Winnipeg’s West End is booming with beautiful murals, locally owned unique retailers and diverse restaurants. Indigenous-owned and using locally sourced ingredients, Bistro on Notre Dame (BoND) is one of the standout local eateries. If it isn't on your radar already — it should be.
After more than 20 years in the hotel and restaurant industry, owner, chef and Manitoba Métis Federation member Dean Herkert, originally from Thompson, Manitoba, opened Bistro on Notre Dame at the beginning of the pandemic in the former home to Notre Dame Burger.
We had the opportunity to chat with chef Dean about the importance of sustainability, sourcing local ingredients, an upcoming trip to London, UK, with Indigenous youth and the importance of creating a sense of identity in the food he serves.
Herkert describes BoND as “a cozy, Red River Métis restaurant offering a fusion of elevated comfort foods.” He wanted to focus on sustainability and being a responsible member of the West End neighbourhood. As a result, he found high-quality ingredients that could be grown here, and sourced locally and infused with different flavours from around the world.
In dishes like Chilaquiles Verde, the bison melt, and the Seoul reuben, you’ll notice bison where you’d expect beef. The bison is supplied by Iron Head Bison, an Indigenous Métis family-owned business by husband-and-wife team, Jason and Erin Boily. They were both raised in small Métis communities and wanted to carry on the legacy of their Métis ancestors. Iron Head Bison Ranch is located 20 minutes east of Winnipeg off Highway #1 near Richer, Manitoba.
Glancing around the restaurant, you’ll immediately notice a common aesthetic — reclaimed barnwood. BoND sources wood from Prairie Barnwood, a wood shop based in Morden, Manitoba, which handcrafts each piece using reclaimed, new or rustic milled solid wood. Their menus are sourced from Wilder Winnipeg who are located right here in Winnipeg’s Exchange District.
One of the common themes woven through food and conversation when learning Dean's story is identity. He talks both about Métis culture and how that identity had been suppressed, as well as about Canadian identity, discussing what 'eating local' really means in modern days.
Eating at BoND is a comforting and fulfilling culinary experience. From dishes like the Moqueca with three types of freshwater fish, wild rice and Iron Head bison chorizo to the Fesenjan, whose star is the Montreal smoked duck breast with chickpea purée, you'll leave feeling nourished, content and connected.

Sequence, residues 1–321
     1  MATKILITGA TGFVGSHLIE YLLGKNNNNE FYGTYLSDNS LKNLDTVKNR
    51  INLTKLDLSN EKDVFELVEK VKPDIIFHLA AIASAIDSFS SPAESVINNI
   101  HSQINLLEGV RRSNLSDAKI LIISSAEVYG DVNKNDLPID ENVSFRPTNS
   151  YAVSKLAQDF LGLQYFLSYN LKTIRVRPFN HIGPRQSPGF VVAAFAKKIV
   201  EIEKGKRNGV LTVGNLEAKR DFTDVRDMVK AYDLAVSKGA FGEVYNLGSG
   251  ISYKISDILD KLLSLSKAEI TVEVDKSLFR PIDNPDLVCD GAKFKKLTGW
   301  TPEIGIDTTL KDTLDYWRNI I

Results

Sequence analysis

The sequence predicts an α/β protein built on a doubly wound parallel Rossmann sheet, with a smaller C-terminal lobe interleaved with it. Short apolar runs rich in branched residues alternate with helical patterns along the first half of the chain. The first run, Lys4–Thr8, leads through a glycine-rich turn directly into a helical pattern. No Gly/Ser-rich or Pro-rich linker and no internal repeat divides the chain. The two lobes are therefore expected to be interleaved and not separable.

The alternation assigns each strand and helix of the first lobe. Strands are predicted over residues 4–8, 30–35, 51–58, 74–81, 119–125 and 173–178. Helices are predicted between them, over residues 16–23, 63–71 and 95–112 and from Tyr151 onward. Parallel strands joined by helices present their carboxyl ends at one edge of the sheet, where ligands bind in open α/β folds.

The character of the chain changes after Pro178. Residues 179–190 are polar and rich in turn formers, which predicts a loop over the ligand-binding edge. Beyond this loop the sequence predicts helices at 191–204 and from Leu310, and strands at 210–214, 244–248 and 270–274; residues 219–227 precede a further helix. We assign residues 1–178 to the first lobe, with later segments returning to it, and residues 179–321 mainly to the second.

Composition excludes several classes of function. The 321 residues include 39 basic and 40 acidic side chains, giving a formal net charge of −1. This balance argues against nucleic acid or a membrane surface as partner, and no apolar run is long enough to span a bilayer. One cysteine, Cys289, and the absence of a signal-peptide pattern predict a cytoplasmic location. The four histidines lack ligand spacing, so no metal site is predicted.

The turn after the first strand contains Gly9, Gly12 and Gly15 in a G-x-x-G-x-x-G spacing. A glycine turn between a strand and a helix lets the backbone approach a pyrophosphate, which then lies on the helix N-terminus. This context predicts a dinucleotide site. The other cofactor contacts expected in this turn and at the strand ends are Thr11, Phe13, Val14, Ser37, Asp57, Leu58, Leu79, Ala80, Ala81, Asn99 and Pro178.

A guest once described his experience at BoND as: “sitting here is like sitting at the edge of the Prairies – you know you’re in Manitoba, you know you’re ’in the Gateway to the West.” Dean reflects, “To establish a sense of home and identity – that's probably the big thing. People walk out of here knowing my identity, knowing what I’m about and being happy about how comfortable they can be in here.”
While reflecting further on identity, Dean acknowledges that identity is the very reason he ended up at the International Indigenous Tourism Conference in Winnipeg. From this conference, the Further Education Society of Alberta (FESA) reached out to him to join their award-winning Cooks with Stones (CWS) program.
Dean described Cooks with Stones as “a program which allows Indigenous youth to get back in touch with traditional methods of cooking. They literally cook meat underground, heat up some stones, put the meat in the ground, bury it and let it cook. As far as I’m concerned this is the origin of low slow cooking. When people from Texas talk about pit BBQ, this is what they're talking about. This is pit BBQ.”
This year, Cooks with Stones were invited by Ralph Goodale, Canada's high commissioner to the United Kingdom, to showcase the program at the Canada Day celebration in London. There was an educational piece highlighting Indigenous Peoples of Canada’s past, present and future. This included a celebration of the Cooks with Stones program delivered in the form of a food truck serving a menu curated by Indigenous youth and chef Dean Herkert. Read more about Dean’s experience in the kitchen with Cooks with Stones.
Another way to enjoy Bistro on Notre Dame while learning more about the fantastically diverse and colourful West End neighbourhood is to join the West End BIZ’s Around the World in a Few Blocks Restaurant Tours.
Bistro on Notre Dame is located at 784 Notre Dame Ave. Follow them on Instagram.